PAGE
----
Probe finds evidence of match fixing in World Cup qualifiers

Europol chief Rob Wainwright, center, discussing a probe of suspected fixing of soccer matches at a news conference Monday.
(Robin van Lonkhuijsen / AFP/Getty Images)

A global investigation into suspected fixing of soccer matches has uncovered more than 680 suspicious games, including World Cup and European Championships qualifiers.

The probe, conducted by Europol, the European Union’s joint police body, raised questions about 380 matches in Europe and 300 elsewhere, primarily in Africa, Asia and Latin America. The agency said the evidence pointed to the involvement of a Singapore-based crime gang that has long been suspected of fixing matches.

“This is a sad day,” Rob Wainwright, the head of Europol, said at a news conference Monday in The Hague in the Netherlands. Wainwright said 425 match officials, club officials, players and others from at least 15 countries were involved in fixing matches going back to at least 2008. The agency declined to name specific suspects, teams or matches because the investigation is continuing.


But Wainwright left little doubt as to the seriousness of the charges, saying criminals were cashing on soccer corruption “on a scale and in a way that threatens the very fabric of the game.”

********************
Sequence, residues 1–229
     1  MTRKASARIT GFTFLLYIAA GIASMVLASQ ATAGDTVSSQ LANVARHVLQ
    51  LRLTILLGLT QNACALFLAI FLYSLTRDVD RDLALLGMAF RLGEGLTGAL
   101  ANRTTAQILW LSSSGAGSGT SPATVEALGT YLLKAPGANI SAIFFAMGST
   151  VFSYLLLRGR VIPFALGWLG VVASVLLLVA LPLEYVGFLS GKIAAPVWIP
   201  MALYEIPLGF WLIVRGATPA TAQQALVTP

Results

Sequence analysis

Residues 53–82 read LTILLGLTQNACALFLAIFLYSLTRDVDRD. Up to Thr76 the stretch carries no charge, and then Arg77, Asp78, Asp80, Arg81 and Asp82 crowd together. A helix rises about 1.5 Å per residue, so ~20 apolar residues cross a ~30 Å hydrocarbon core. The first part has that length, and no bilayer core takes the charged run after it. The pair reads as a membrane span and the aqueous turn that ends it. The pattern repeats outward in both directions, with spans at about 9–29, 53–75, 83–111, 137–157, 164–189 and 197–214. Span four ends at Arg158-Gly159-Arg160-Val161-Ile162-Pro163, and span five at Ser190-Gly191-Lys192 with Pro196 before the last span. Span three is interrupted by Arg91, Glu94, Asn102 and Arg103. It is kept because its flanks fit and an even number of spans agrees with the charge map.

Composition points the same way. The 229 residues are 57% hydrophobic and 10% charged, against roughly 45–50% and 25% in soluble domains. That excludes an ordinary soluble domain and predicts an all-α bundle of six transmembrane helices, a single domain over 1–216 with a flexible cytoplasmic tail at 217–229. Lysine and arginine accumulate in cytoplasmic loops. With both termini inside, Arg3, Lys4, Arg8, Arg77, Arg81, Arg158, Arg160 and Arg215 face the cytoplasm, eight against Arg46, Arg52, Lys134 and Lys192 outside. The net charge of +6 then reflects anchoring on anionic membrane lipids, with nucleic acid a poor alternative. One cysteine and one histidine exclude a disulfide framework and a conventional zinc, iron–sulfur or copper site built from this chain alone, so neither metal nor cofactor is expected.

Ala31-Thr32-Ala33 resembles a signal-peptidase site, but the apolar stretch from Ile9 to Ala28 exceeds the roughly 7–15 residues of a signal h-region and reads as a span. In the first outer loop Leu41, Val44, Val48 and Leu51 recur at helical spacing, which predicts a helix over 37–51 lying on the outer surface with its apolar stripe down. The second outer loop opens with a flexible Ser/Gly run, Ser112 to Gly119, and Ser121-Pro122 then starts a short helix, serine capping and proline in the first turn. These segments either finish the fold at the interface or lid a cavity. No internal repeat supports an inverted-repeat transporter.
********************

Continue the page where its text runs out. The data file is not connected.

Investigators uncovered $10.9 million in betting profits from the fixing of matches and said $2.7 million in bribes were paid to players and officials, findings that have already led to several prosecutions. And that may just be the beginning, suggested German investigator Friedhelm Althans, who said a pair of World Cup qualifiers in Africa and one in Central America were among the matches Europol has focused on.

“This is the tip of the iceberg,” Althans said.

Wainwright said the probe, which began in July 2011, was significant because it was the first one that established substantial evidence that organized crime was operating in global soccer, something that had long been suspected. The Singapore-based crime network spent up to $136,500 per match to bribe players and officials, the investigation found.

Wainwright said stopping the corruption would require a “concerted effort,” adding that the results of the Europol study would be sent to Michel Platini, president of UEFA, which overseas European soccer and organizes the Champions League.

Previous investigations into fixing of soccer matches found that a World Cup qualifier between Finland and Liechtenstein in September 2009 was fixed by a referee from Bosnia. That referee was banned for life.

Last year UEFA expelled a Malta player implicated in fixing a European Championship qualifier between Norway and Malta in June 2007.



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